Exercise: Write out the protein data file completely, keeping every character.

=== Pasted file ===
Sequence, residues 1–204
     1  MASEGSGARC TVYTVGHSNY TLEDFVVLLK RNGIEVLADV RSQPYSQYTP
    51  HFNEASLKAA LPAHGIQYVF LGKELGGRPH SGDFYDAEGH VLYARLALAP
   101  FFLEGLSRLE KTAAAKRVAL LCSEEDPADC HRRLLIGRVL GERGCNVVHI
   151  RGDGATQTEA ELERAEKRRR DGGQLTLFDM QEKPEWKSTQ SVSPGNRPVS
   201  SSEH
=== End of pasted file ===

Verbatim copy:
Sequence, residues 1–204
     1  MASEGSGARC TVYTVGHSNY TLEDFVVLLK RNGIEVLADV RSQPYSQYTP
    51  HFNEASLKAA LPAHGIQYVF LGKELGGRPH SGDFYDAEGH VLYARLALAP
   101  FFLEGLSRLE KTAAAKRVAL LCSEEDPADC HRRLLIGRVL GERGCNVVHI
   151  RGDGATQTEA ELERAEKRRR DGGQLTLFDM QEKPEWKSTQ SVSPGNRPVS
   201  SSEH